Mankuni Training and Conferencing will be hosting a one-day Fatigue Management for Healthcare Practitioners workshop to help health service managers successfully implement a fatigue risk management plan in their healthcare organisations.

According to the organisers, the workshop, which will take place on 11th April 2018 at the Garden Court in Eastgate, Johannesburg will help healthcare organisations in assessing the risks of fatigue in their healthcare staff and rolling out hospital-wide fatigue management systems.

The South African healthcare workforce, especially doctors and theatre nurses, endure long working hours which often deprives them of sufficient sleep and body rest. Sleep deprivation and fatigue increase the risk of medication errors, needle stick injuries and adverse patient outcomes. The stress of sleep deprivation also contributes to absenteeism and employee turnover.

In 2016, a medical intern, Dr IIne Markwat, lost her life in a car accident after falling asleep behind the wheel of her vehicle following a 36 hour shift. This case prompted medical organisations to revisit their company policies on fatigue management. With the contribution of the Junior Doctors of South Africa (JUDAS), the Safe Working Hours campaign was created to highlight the plea of sleep deprivation among healthcare workers.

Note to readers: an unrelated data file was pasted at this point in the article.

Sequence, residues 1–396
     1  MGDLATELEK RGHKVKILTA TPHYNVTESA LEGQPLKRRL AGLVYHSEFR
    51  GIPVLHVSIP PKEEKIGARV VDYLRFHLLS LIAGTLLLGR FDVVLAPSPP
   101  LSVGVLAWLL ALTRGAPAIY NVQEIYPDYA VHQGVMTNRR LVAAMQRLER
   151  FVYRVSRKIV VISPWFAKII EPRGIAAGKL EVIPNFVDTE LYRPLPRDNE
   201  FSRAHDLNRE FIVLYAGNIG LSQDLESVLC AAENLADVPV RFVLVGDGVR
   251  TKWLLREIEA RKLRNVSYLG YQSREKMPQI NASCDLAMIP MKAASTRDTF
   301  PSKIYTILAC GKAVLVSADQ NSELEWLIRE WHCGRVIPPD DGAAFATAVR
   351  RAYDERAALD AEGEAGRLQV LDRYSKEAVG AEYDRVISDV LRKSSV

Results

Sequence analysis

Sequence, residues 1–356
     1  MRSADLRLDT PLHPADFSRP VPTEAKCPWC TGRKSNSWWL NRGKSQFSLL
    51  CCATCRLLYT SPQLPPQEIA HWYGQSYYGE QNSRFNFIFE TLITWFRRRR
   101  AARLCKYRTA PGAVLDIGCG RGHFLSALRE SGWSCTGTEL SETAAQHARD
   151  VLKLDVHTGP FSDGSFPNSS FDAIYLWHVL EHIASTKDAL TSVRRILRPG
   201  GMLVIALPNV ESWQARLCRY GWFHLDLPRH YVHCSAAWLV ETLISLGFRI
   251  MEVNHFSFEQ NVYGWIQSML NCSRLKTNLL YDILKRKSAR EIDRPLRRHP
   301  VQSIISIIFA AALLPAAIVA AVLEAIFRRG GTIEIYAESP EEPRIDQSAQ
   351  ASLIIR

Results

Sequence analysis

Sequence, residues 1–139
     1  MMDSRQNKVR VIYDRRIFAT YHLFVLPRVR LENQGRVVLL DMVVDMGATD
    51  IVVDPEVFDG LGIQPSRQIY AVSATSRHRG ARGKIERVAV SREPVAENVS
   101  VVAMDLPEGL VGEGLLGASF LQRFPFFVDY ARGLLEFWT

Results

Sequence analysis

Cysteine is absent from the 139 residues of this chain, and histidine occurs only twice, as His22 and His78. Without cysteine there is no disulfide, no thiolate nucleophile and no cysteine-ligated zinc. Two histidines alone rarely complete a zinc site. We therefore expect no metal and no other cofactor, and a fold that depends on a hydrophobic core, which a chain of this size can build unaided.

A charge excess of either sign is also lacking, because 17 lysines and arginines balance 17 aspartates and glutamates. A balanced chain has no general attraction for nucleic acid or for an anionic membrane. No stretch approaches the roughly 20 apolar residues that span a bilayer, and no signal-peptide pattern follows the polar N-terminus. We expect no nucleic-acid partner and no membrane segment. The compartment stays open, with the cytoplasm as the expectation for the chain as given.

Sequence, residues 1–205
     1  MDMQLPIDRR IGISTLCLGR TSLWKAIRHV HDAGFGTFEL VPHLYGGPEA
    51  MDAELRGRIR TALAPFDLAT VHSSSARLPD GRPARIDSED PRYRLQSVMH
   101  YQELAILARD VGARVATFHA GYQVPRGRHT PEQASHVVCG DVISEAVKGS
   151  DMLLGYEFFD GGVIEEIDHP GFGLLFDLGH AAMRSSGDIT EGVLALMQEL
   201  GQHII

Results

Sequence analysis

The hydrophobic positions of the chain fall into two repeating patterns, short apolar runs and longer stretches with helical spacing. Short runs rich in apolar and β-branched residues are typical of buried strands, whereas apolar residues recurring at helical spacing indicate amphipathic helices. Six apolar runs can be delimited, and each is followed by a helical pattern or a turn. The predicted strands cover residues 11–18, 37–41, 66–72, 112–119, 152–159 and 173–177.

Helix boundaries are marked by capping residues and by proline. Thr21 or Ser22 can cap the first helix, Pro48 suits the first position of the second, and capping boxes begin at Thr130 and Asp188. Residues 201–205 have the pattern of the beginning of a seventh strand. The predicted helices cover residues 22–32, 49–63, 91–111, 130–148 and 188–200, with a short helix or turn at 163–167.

This growing awareness of the risks of fatigue in the healthcare industry has led to many healthcare institutions undertaking a fatigue risk assessment and implementing a fatigue risk management plan.

The upcoming Fatigue Management for Healthcare Practitioners workshop will be facilitated by a Certified Professional Ergonomist at ErgoFocus, Esmeralda Kerlen, who will be joined by Healthcare Risk Consultant, Dr & Adv Obed Mphofu.

“The impact of fatigue on healthcare workers can never be underestimated. The solution lies in developing policies and systems that seek to avert adverse healthcare errors due to human failure. Hence, at this workshop, practitioners will engage with a view of creating awareness and designing proper work shift schedules that will prevent healthcare errors due to fatigue,” said Kerlen.

During the session, Kerlen will address fatigue risk management, shift work and night shift work. Furthermore, she will assist delegates in formulating a Fatigue Management Risk System as well as policy design, which can be tailor-made according to individual organisations both in the public and private sector.

“It will be critical for healthcare providers to attend as they will analyse their current organisational policies on fatigue management, in an effort to redesign identified weak areas. Thus, health services managers will emerge from the workshop better suited to implement controls that are most effective in their workplace,” concluded Kerlen.

For more information and to register your attendance, email Miekie Monne on: or visit:

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